Secret By Design

The Town of Londonderry has two big problems.

One is the Londonderry Design Review Committee. The other is the Town Manager,  David Caron.

As laid out in a series of stories here: there are some issues taxpayers in all NH towns should be aware of.

RSA 91-A requires all meetings of public bodies to be open to the public, as in; even the subdivision of a public body must publish and post when meetings will be held and keep minutes of the meetings,  the public can attend, and the public can get minutes and records from the public body.

The Londonderry Design Review Committee, by the admission of the Town Manager David Caron, consists of representatives from Londonderry's planning, public works, building, police and fire departments, a team of department managers and other board or commission members who report their findings to the town's Planning Board on an advisory basis.

This is a public body by any definition and is entirely subject to the Right to Know Law, RSA 91-A.

In the news article, the Town Manager described the committee like this:

"They offered comments based on design issues and other concerns," Caron said. "To be clear, these meetings are not in the context where minutes are kept or required."

Caron stressed that, unlike regular Town Council and Planning Board meetings, the town isn't required to post "these types of meeting."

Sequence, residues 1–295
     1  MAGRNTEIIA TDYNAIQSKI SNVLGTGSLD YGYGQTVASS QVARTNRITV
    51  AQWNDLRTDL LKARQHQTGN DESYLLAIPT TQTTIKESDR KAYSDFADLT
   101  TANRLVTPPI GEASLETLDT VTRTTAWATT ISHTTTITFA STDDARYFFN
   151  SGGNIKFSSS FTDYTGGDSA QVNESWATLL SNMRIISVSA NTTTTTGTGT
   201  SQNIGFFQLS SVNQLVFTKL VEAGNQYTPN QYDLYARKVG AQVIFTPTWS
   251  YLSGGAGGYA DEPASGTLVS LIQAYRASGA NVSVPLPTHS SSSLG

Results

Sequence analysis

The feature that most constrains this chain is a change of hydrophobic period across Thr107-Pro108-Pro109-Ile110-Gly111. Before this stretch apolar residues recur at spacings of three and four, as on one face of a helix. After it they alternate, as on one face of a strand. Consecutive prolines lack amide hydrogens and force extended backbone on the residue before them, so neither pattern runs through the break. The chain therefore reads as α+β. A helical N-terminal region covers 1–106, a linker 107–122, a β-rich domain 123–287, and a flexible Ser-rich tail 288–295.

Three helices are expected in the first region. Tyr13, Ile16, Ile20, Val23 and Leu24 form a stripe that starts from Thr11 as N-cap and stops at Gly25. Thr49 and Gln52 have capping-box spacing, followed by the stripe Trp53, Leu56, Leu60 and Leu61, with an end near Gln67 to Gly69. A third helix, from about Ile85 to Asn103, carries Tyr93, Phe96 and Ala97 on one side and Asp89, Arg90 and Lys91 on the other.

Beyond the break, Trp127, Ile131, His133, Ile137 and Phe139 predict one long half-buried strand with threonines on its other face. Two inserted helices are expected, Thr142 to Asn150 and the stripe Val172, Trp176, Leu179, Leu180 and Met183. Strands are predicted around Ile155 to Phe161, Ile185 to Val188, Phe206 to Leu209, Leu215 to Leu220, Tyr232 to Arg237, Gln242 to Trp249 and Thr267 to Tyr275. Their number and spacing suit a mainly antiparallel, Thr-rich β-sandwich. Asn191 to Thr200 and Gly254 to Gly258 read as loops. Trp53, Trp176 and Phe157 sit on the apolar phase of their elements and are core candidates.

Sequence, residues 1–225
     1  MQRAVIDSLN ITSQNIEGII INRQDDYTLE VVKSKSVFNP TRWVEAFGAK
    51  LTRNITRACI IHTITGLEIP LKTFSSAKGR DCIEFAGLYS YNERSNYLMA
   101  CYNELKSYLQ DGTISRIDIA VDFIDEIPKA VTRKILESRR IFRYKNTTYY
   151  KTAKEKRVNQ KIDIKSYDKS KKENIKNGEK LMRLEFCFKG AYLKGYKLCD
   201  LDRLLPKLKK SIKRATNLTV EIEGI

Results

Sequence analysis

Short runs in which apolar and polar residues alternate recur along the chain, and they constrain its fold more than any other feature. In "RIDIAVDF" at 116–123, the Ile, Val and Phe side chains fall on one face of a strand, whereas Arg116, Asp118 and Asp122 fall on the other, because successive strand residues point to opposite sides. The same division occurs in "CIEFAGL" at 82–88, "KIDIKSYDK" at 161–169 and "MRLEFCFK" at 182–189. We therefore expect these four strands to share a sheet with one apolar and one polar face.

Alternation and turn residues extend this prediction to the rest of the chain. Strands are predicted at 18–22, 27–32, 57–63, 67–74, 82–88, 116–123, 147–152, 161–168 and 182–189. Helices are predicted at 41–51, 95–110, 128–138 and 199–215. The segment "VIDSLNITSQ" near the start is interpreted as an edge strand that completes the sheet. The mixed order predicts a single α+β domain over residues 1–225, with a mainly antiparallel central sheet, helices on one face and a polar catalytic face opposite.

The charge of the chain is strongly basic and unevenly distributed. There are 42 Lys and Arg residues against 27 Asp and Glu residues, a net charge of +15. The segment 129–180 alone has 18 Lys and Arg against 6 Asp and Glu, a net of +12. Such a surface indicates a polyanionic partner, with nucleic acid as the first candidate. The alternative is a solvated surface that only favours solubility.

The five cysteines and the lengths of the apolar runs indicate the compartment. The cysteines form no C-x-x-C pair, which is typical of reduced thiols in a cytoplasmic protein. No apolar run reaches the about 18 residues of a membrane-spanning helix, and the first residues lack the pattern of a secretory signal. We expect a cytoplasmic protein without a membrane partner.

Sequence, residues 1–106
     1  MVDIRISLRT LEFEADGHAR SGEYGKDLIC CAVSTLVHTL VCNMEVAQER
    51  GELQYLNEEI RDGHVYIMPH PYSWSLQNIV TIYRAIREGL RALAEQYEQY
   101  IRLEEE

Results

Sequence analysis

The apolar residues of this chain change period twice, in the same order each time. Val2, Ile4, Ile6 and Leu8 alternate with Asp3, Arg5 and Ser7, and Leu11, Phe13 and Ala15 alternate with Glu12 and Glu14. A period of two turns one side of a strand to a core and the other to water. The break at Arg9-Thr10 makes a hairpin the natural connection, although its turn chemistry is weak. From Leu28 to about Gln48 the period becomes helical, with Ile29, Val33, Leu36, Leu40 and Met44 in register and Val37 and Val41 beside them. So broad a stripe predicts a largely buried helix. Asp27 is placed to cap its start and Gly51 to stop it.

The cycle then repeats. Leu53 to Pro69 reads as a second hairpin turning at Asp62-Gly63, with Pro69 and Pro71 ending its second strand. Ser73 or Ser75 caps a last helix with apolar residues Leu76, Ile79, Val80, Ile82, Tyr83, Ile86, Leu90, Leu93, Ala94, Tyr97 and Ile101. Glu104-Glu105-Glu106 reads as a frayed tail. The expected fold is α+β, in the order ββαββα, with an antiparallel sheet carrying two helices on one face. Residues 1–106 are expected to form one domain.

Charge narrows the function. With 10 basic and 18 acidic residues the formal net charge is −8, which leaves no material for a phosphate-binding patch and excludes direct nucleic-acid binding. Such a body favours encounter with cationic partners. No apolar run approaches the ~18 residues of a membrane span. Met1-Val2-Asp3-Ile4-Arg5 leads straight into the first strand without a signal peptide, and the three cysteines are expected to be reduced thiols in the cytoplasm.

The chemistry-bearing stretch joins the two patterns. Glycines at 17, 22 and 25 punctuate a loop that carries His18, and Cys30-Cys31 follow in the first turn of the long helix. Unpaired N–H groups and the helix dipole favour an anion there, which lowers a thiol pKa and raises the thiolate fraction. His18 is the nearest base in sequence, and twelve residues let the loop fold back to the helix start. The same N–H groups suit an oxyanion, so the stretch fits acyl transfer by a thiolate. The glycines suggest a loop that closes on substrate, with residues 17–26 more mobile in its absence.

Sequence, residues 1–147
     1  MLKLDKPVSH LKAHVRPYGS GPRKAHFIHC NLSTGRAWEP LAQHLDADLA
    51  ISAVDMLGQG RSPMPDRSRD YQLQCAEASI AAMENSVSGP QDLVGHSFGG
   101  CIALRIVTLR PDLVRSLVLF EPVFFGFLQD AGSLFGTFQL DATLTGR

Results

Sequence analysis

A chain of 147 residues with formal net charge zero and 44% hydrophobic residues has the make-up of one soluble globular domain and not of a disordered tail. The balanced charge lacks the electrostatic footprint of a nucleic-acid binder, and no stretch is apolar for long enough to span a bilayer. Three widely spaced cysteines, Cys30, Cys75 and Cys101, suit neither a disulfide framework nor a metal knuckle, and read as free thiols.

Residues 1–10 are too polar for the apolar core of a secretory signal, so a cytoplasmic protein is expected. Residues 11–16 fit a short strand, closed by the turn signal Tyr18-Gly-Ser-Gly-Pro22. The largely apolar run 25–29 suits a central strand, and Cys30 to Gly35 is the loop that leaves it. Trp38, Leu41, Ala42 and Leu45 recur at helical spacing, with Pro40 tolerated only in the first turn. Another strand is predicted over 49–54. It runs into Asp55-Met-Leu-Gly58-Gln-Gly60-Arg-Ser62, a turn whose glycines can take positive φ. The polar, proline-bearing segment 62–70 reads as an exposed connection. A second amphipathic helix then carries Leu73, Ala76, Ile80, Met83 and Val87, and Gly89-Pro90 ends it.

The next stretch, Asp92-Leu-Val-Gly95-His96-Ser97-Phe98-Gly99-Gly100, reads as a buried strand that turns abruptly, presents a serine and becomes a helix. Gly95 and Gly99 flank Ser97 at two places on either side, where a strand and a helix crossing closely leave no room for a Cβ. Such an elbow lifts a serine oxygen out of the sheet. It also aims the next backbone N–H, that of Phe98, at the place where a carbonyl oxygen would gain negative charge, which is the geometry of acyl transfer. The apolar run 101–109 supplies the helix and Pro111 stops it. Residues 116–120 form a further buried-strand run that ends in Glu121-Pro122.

"This is far from uncommon," Caron said yesterday afternoon. "The only difference would be the sheer magnitude of this project."

According to Caron, the committee regularly meets with developers before the public unveiling of plans in front of the Planning Board, with representatives from each department offering their feedback.

I find it almost impossible to comprehend a NH Town Manager trying to sell that bogus statement.

Here is the problem:

Town Managers are almost the single sole authority in any town that adopts that way of doing business. They are supposed to know and abide by state statutes. RSA 91-A is a basic statute any professional should be aware of, understand and comply with.

In the case of Londonderry there is a town charter which was adopted by voters in 1996 when they left the traditional town form of government and went “professional.”

Here is the Charter. The town manager powers are spelled out in Chapter #4:

Taxpayers in Londonderry should be aware of the fact that when a professional town manager tries to explain away his flagrant violation of RSA 91-A there may be more of a problem than missing meeting minutes.

Also, taxpayers may want to hear from Londonderry’s law firm and see if the lawyers you are paying represent the town manager or the taxpayers.

If your lawyers come up with some flimsy way of validating secret meetings by government bodies with developers it is time for action

Good luck!